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Disclaimer: I don't own Zelda. I'm just borrowing.

Author's Note: I beg you, nitpick me. Tell me every single thing I did wrong. It's how I improve.

And, as always, much love to all readers and reviewers!. You people make the world go round.

Eight Years to the Day
by Startide Risen

She wouldn’t cry. She wouldn’t cry. She wouldn’t—damn.

The old lady was alone in the little vale, but still she turned her face away as if to hide her moment of weakness. She swiped at her eyes and sucked in deep breaths. In a few moments she was calm again.

She was glad to be here alone. That way there was no one to see her tears. Except, of course, for the lonely oaks and the cold gravestone they guarded.

And then there were the memories. A thousand whispers, a hundred kisses, and exactly one promise lived here.

But no matter. She couldn’t stall any longer.

The wind tugged a lock of silver hair loose from its clasp. A welcome distraction. She took her time in disentangling it from the thin gold tiara that graced her head.


She tried to smile for the cold headstone at her feet.

“It’s been eight years to the day, love. We miss you. I miss you,” she offered, looking a bit lost. What did one say to the dead?

On sudden inspiration she blurted, “Little Seren asked about you just the other day.” Her hands clenched in the folds of her skirts. “‘Grandmama, tell me about Grandfather,’ she said. I didn’t really know what to tell her. But who can resist big blue eyes like those? So I took her in my lap—and let me tell you, that girl is getting big—and I told her the fairy tale version of our story. You know, the one where they beat the bad guy and everyone gets to live happily ever after.”

Then the lines in her face deepened. “I wish it really had been like that.” She shook her head. “But even if it was no fairy tale, it wasn’t so bad while it lasted, was it? We lost a lot, we gave up a lot, but in the end we were happy, weren’t we?”

A long pause and no answer. She hadn’t expected any. Really she hadn’t.

“I’ve thought about that a lot,” she continued quietly. “Ever since Ariane married Westley and they took the throne. All of a sudden, our daughter was married and somebody else was running Hyrule… So, naturally, I had no idea what to do with myself. Since then I’ve done a lot of thinking, especially about you and me and everything that happened to us.”

She chuckled. “Perhaps that’s not completely accurate. I once said something like that to Westley, and he looked at me as if I were crazy and said, ‘Nothing happened to you and Link. You and Link happened to everything else.’

“And maybe we did. We were certainly involved in enough trouble to last us several lifetimes. But we never asked for it, we never went looking for it…

“You know, sometimes I wonder whether I would’ve still been me and you would’ve still been you had I grown up a peasant girl and you a farm boy. If we’d never had to save the damn country and each other over and over again. But then I wonder if we would have still been in love.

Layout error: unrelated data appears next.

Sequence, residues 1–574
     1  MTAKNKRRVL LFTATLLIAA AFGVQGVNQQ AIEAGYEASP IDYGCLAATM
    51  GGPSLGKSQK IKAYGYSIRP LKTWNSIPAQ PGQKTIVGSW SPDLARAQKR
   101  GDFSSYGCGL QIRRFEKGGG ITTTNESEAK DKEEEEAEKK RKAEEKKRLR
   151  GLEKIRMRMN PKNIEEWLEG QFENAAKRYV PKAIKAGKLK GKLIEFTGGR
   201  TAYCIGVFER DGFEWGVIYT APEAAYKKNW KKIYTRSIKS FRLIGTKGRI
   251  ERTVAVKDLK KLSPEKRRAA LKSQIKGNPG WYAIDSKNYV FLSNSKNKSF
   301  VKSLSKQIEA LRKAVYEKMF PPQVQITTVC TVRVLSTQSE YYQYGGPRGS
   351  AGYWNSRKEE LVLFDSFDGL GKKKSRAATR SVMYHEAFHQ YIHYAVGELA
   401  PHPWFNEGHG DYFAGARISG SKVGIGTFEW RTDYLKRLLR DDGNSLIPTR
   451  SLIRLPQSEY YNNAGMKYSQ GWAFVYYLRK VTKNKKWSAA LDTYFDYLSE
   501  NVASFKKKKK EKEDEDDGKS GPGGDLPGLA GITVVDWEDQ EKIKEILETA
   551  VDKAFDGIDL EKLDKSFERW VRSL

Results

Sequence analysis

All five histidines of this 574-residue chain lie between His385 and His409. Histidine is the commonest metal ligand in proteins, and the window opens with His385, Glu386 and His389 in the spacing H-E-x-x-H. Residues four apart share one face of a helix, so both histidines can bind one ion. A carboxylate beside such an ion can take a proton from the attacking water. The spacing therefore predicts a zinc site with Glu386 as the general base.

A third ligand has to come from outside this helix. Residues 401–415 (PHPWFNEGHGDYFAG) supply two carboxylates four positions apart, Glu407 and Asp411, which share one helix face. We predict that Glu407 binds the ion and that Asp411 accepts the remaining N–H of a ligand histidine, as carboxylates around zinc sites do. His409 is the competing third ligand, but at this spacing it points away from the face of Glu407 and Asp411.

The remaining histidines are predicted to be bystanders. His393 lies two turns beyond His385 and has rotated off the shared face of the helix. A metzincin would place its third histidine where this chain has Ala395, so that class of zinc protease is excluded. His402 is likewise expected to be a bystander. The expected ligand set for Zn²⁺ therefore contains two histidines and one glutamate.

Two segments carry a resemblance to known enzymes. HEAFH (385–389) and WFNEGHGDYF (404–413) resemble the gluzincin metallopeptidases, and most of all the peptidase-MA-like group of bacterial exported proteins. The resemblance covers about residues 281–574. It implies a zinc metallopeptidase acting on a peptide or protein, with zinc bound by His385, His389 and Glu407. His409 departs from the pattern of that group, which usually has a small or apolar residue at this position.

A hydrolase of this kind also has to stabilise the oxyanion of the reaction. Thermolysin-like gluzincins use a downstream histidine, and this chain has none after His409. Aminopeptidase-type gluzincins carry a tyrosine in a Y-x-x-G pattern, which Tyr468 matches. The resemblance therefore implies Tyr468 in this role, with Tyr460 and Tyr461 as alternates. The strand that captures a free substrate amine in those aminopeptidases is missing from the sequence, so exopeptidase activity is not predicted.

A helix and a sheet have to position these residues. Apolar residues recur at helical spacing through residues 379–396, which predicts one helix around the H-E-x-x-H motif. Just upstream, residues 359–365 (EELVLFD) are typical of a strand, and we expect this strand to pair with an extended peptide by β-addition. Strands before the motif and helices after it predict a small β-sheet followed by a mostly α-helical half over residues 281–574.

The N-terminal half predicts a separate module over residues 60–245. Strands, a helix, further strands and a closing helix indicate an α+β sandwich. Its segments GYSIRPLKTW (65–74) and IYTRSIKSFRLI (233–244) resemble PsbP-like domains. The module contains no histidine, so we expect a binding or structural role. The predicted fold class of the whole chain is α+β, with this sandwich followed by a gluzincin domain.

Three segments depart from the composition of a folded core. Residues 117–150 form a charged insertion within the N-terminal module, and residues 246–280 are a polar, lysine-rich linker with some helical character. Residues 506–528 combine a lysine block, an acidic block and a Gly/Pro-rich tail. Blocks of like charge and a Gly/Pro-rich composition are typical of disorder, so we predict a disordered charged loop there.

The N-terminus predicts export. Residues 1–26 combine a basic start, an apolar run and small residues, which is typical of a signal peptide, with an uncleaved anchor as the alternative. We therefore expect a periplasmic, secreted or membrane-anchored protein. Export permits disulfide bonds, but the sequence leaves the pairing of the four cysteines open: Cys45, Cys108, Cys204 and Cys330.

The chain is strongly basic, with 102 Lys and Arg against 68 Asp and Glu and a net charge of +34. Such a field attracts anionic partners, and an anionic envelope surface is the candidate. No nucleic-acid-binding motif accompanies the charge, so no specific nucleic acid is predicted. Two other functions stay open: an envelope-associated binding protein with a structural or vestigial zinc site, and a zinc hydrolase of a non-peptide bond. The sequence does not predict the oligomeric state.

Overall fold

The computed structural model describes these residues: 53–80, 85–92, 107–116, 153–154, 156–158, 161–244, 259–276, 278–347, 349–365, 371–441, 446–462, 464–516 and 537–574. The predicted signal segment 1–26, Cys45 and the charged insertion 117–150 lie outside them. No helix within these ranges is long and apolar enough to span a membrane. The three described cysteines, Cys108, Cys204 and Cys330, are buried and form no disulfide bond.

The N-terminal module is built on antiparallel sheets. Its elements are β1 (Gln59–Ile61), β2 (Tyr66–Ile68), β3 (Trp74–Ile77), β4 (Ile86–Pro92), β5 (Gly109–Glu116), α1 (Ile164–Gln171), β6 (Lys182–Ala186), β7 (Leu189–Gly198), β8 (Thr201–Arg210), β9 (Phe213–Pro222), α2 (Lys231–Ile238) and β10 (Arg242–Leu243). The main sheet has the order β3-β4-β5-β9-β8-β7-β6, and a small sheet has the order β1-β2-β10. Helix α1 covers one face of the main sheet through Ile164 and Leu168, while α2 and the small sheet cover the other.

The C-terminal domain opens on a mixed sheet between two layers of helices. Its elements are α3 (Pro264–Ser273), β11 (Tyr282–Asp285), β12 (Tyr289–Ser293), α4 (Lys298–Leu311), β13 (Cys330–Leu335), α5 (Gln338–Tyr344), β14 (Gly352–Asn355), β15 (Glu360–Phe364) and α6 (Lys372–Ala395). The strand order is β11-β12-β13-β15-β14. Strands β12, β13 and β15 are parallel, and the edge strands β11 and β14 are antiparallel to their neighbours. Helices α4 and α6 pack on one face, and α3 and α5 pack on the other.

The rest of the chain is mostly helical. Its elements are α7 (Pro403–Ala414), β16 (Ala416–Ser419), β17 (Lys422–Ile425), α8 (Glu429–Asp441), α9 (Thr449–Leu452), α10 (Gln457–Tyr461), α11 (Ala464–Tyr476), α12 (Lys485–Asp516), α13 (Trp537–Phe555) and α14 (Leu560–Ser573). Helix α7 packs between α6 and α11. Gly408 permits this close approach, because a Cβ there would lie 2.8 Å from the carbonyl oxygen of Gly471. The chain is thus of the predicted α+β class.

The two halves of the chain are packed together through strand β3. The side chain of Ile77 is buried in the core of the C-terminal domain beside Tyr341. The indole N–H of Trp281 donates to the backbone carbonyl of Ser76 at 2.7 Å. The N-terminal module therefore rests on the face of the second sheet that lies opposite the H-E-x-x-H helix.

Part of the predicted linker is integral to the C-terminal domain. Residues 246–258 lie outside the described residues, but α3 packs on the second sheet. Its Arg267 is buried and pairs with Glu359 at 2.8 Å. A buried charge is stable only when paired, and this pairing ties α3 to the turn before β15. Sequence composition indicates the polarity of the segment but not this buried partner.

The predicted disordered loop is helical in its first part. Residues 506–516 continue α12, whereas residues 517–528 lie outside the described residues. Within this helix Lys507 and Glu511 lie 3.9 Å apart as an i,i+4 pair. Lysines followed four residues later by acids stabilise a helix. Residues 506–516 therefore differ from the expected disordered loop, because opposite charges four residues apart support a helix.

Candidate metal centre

“Scary thought, you not loving me.

“I think maybe you still do, from wherever you are now. Least I hope so. Goddess knows I’ve seen the captain of the guard tell enough army widows something similar. ‘He’s in a better place, he’s watching over you, your guardian angel…’

“The Veraini ambassador who was here when you died tried to tell me something like that. I was on such a short fuse, I would’ve let him have it—verbally, mind you, I was never big on punching people like you were—but Westley knocked a pitcher onto the poor ambassador to distract him, and Ariane dragged me away before I could start screaming or some such thing. They handled it all so much better than I did...

“But that’s not what I came here to tell you. Really I wanted to say that...I’m happy. You gave me Ariane and she found Westley... and now I have a granddaughter. I have Seren. Oh, Link, I wish you could’ve known her. You would’ve just adored that little girl. And I know she would have loved her Grandfather.”

Dangerous waters, these. But she wouldn’t cry, she wouldn’t cry, she wouldn’t—damn.

“Grandmama! Grandmama!”

The Dowager Queen Zelda turned to see her granddaughter running down the knoll toward her. The child’s pale gold hair bounced on her shoulders, dappled in the shade of the old oaks. Behind her Ariane stood at the crest of the hill, watching with one hand shading her eyes and the other holding a bunch of flowers.

Zelda smiled, knelt, and opened her arms wide. Seren launched herself into them.

“Oh, my big girl,” the old lady said, squeezing her close and then holding her at arm’s length to have a good look at her. “What are you and Mama doing down here?”

Seren looked at her very seriously. “Mama said you were coming here because today was sad. We wanted to come with you so you didn’t have to be sad alone.”

Ariane walked up behind her daughter, placing a hand on her shoulder. “Hello, Mother,” she said quietly. She glanced at the hero’s grave, and her eyes were pained. “We thought maybe… maybe this time we could come see him together.”

Zelda stood slowly, leaned forward to kiss her daughter’s cheek, and nodded. “I’d like that,” she said softly. Ariane offered a smile, then looked down at Seren.

“Here, honey,” she said, handing her the flowers. Solemnly the little girl took them and arranged them before the headstone.

And Zelda was glad she was not here alone.


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